As he worked, James began thinking about all the other children in the world and what they might be doing at this moment. Some would be riding tricycles in their gardens. Some would be walking in cool woods and picking bunches of wild flowers. And all the little friends whom he used to know would be down by the seaside, playing in the wet sand and splashing around in the water.
Roald Dahl, James and the Giant Peach
Sadly, the experience of James in Roald Dahl’s classic children’s story is far from being just a story for countless children around the world. Each year, in England alone, at least 50 children die as a result of child abuse and neglect; many, many more live with the ongoing reality of a stolen childhood. The invitation to live freely and lightly is nothing more than a distant, unachievable dream.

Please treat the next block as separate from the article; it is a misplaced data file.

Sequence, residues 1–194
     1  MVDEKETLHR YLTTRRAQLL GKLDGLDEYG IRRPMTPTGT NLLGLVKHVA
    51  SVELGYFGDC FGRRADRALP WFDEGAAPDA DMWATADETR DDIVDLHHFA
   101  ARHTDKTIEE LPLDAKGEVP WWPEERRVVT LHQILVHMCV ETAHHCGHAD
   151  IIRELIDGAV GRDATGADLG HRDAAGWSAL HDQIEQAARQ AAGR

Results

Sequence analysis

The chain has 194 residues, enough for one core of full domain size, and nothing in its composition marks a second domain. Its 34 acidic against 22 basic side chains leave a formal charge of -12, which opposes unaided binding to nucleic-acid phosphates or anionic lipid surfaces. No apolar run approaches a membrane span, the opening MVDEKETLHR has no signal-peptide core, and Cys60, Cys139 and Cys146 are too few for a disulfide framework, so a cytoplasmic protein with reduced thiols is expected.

And yet the answers to this lived reality are far from easy.
Child protection workers struggle to do their best for children and families, often providing amazing supportive services. In spite of that it seems they so often get criticized from all sides: either for getting it wrong and failing to intervene to protect the most vulnerable children, or for intervening too early and intruding on ordinary family life. And, in the midst of it all, they too can feel tired, worn out, burned out on their relentless work.
And yet, there is hope:
- In the amazing resilience of children themselves
- In the love and nurture that most parents do feel
- In inspiring and creative programmes of support
- In depths of understanding through research
In these pages, I will aim to explore some of what has and can be done to protect children, and to capture again that love and hope that all children, indeed all of us, need.